Walz, other officials tour Austin

Published 4:12 pm Friday, June 13, 2008

Flood waters have receded in Austin, but not the number of politicians.

Congressman Tim Walz was here Friday, Sen. Norm Coleman Saturday and then Gov. Tim Pawlenty Sunday.

In the span of 72 hours, a congressman, senator and governor all visited Austin after flood waters started to recede dramatically.

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Coleman visited Saturday afternoon and the 1st District congressman made his fact-finding mission Friday afternoon.

“From what we’ve heard from Sen. (Dan) Sparks, Mayor (Tom) Stiehm and the Homeland Security people, there’s obviously a lot of damage here, commercial and residential,” Walz said before boarding a public transit bus for a tour of Austin Packaging Company. “There’s crop damage also in the countryside.

“We’re going to visit each of these areas, but what we’re waiting for is the FEMA numbers that trigger the next step to seek federal disaster aid,” Walz said.

“Myself and my staff are acting on the assumption it’s going to happen,” he added. “If it doesn’t, nothing is hurt, but we don’t want to have these people waiting on any aid and assistance they should be getting.”

The congressman arrived in Austin Friday for a tour of flood-damaged areas in Austin. Sparks welcomed him. Also present were Austin city staff and officials, plus Mower County staff. Wayne Madson, Mower County emergency management director, and Austin Police Chief Paul Philipp joined the tour.

Walz spoke to reporters at the Mower County Senior Center before embarking on his fact-finding mission in the city.

City engineer Jon Erichson was present with a handout that included the worst flooded areas and flood statistics. The latest flood was the third worst in Austin’s history, ranking only behind the September 2004 and twin “Floods of the Century” in July 1978.

Austin Mayor Tom Stiehm said this flood caused greatest concern at Austin Packaging Company, located on the banks of the Cedar River between North Main Street.

“We’re trying to take care of everybody as well as we can,” he said.

Erichson was most concerned about the flood’s impact on a major North Main Street maintenance project underway in the city.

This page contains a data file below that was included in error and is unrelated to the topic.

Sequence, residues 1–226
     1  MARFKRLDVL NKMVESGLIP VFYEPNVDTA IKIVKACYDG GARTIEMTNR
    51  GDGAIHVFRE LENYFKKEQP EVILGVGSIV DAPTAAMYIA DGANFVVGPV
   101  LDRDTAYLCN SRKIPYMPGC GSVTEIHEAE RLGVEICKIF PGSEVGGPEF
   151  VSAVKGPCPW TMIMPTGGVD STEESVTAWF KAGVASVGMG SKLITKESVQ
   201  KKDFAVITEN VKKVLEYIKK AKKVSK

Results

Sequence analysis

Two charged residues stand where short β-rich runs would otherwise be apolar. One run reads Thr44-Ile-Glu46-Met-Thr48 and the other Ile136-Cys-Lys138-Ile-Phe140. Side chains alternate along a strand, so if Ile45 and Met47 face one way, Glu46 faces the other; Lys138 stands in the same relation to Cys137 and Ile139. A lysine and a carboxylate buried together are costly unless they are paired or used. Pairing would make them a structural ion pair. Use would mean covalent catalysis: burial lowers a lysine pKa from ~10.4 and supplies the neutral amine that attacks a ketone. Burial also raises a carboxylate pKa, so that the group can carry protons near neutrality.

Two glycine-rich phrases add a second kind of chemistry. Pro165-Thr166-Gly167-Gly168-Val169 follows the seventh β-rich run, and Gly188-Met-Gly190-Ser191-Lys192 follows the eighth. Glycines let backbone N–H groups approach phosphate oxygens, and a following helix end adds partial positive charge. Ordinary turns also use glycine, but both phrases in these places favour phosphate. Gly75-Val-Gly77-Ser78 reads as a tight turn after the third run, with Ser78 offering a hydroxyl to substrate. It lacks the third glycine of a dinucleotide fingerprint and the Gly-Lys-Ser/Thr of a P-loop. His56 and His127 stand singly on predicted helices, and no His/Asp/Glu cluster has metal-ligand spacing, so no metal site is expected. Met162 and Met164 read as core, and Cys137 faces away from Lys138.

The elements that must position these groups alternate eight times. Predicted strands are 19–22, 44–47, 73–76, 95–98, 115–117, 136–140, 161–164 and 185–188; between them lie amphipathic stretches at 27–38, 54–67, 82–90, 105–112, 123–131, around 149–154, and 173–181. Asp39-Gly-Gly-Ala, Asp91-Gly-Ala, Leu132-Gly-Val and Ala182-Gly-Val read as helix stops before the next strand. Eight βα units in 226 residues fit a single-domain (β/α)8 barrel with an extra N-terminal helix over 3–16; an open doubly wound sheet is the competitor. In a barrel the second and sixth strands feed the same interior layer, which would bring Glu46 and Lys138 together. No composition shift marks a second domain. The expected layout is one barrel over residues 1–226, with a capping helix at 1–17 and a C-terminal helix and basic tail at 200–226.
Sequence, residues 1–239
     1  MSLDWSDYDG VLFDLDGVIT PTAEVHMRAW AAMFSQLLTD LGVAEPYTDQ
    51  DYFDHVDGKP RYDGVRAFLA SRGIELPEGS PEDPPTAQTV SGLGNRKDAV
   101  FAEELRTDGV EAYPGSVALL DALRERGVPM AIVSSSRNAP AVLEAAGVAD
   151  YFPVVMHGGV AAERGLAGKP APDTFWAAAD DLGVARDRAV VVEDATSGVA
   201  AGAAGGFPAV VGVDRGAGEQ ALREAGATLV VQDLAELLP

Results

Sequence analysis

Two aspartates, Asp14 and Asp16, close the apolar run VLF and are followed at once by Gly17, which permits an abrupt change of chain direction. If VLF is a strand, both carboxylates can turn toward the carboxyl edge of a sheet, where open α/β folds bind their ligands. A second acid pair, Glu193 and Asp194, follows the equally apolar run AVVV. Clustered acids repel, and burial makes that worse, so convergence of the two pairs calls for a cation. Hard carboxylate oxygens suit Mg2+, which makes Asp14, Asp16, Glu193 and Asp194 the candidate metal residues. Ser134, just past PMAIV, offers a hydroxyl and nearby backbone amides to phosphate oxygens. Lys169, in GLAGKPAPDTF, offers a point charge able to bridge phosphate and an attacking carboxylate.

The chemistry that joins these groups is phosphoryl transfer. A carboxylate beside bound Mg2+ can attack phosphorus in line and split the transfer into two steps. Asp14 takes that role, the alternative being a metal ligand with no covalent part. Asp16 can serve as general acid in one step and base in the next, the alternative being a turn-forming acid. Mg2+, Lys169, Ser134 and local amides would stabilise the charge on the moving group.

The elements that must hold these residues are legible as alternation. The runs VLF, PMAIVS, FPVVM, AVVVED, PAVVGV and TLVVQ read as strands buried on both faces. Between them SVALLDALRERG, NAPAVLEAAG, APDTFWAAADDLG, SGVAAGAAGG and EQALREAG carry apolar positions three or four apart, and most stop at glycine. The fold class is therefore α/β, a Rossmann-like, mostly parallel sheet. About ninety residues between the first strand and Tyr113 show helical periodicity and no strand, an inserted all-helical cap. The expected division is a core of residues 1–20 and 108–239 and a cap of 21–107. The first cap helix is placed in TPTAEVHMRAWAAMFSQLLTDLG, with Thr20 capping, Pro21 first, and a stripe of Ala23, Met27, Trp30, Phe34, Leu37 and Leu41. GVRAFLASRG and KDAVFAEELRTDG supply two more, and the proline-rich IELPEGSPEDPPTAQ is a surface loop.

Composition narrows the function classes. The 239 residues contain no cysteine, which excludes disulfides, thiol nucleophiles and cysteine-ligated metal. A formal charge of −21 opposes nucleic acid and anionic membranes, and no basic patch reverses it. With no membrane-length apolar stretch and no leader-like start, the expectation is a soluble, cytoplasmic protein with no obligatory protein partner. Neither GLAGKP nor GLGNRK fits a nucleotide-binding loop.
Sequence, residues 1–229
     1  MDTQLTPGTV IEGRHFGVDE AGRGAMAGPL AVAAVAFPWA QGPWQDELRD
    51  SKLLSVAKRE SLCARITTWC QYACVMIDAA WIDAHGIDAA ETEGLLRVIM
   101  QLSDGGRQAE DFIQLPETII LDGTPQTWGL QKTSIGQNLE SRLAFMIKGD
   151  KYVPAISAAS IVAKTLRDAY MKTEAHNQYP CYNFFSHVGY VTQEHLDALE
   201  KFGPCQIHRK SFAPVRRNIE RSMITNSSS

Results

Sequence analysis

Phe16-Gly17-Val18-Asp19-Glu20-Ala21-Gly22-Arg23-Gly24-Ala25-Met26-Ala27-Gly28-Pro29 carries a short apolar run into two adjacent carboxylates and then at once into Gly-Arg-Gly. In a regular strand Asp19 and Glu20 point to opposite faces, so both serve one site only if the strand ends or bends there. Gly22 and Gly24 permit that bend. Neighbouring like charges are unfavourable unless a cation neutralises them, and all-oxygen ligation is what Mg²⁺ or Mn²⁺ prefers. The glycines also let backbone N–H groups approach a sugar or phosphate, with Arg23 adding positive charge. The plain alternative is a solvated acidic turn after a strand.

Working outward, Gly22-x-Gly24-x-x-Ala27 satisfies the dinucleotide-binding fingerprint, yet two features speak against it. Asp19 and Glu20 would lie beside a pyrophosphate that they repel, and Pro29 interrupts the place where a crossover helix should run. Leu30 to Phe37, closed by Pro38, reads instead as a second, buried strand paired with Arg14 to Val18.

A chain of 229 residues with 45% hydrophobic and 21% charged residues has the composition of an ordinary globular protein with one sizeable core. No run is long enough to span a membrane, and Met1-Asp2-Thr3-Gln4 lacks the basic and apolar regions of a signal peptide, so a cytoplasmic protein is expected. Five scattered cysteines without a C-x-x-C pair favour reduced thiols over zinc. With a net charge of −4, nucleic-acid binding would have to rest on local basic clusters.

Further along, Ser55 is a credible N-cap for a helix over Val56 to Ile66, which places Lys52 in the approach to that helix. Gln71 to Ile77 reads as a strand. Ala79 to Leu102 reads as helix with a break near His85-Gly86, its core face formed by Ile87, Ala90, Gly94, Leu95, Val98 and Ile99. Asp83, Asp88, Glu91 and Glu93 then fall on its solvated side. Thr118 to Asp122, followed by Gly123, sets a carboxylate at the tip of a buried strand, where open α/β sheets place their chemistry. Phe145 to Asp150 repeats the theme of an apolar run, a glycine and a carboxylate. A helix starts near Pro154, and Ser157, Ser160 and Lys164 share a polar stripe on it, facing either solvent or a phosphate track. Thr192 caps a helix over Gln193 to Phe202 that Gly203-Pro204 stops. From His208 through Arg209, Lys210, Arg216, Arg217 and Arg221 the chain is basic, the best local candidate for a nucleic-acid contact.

Ericshon said last Thursday’s flood was 2.7 feet lower than the September 2004 flood, which claimed two lives and caused an estimated $12 million damages in the city.

Ericshon said the twin 100-year floods of 1978 started all of the city’s flood mitigation projects.

“Today, one day after the third-worst flood in the city’s history, we’re essentially back in service all over the town,” Erichson said. “That wasn’t the case in 1978.”

Erichson said the city will continue to aggressively pursue its flood mitigation efforts and Walz concurred.

“Absolutely,” the congressman said. “I commend you on having some vision and being proactive in that area.”

The city obtained a half-cent sales tax privilege from the Minnesota Legislature to pursue flood mitigation projects. The sales tax went into effect April 1.

The most all-encompassing flood mitigation effort locally was the creation of the Cedar River Watershed District by the Mower County Board of Commissioners.

That is an ongoing effort to address water management and flood control work in the watershed above and around the city of Austin.

The county’s largest population center was the focal point of the politicians’ attention over the weekend and one of them was impressed and predicted success in applying for state and federal aid.

Walz said, “We are just proactively presuming that is the way things are going to go next week” and the governor will sign the disaster declaration, which then moves forward to Washington for a presidential disaster declaration.”

On Thursday, both the Mower County Board of Commissioners and the Austin City Council signed their own resolutions declaring a state of emergency and a disaster situation.